The country’s performance in terms of other parameters is far from great. For example, the hospitalization rates in India (3-4%) are among the lowest in the world, as per the Global Burden of Disease Study 2016. Similarly, the distribution of the health workforce (doctor/nurse-midwives ratio) across states is lop-sided & falls far behind international standards. Thus, the doctor-population ratio in India is 1:1456 against the WHO recommendation of 1:1000. Another thing worth mentioning is that this sector is highly privatized: around 74% of outpatient care and 65% of hospitalisation care is provided through the private sector in urban India.
Economic case for healthcare spending
The latest Economic Survey notes that “an increase in public spend from 1% to 2.5-3% of GDP – as envisaged in the National Health Policy 2017 – can decrease the Out-Of-Pocket Expenditures from 65% to 30% of overall healthcare spend”.
Further, given that healthcare is an employment intensive sector. According to a survey by the WHO, titled Health Employment and Economic Growth, every additional health worker creates 1.5 non-health jobs on an average. Prof. Arup Mitra, Professor (Specialisation in labour and Urban development), Institute of Economic Growth, explains:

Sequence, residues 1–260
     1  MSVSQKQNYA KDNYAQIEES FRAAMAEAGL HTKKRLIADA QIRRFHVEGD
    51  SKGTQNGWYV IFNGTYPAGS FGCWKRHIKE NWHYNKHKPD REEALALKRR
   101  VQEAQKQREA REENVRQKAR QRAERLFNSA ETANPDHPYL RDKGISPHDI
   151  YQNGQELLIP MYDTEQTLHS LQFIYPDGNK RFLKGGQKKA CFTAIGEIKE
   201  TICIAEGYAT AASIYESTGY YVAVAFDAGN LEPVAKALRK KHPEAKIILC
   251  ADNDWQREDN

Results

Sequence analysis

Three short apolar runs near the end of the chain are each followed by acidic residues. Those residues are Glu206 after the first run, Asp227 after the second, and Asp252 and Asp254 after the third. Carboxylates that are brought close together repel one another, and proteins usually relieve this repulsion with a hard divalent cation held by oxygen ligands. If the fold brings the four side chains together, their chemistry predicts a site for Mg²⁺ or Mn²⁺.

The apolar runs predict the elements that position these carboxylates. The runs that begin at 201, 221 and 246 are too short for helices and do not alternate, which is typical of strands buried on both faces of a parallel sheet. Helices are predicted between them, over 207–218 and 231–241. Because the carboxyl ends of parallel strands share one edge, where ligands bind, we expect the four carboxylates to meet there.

For health provisions to impact on growth, huge investments will be required. Of course, the health sector is relatively labour intensive: if investments increase significantly new employment opportunities can be created. Capacity creation in the health sector will encourage health tourism which will contribute to the foreign exchange earnings of the country and add to future growth.
Another benefit that would come from higher public health expenditure is improving human capital. This is attributed to the fact that healthier adults need less time off work and are more productive at work. Similarly, healthier children are more likely to complete and perform better in school, and be better prepared for the needs of the job market. This is clear from the World Bank’s Human Capital Index (HCI), according to which a child born in India today will be 49% as productive when she grows up as she could be if she enjoyed complete education and full health. This will enhance the profits of the company and ultimately a firm’s GDP. Thus, India’s future GDP per worker could double by investing in human capital.
To sum up, the budget has invited unprecedented allocations as well as new programmes and projects in the healthcare segment. This is a welcome move that will go a long way in improving the country’s financial health, which has been severely battered by the pandemic.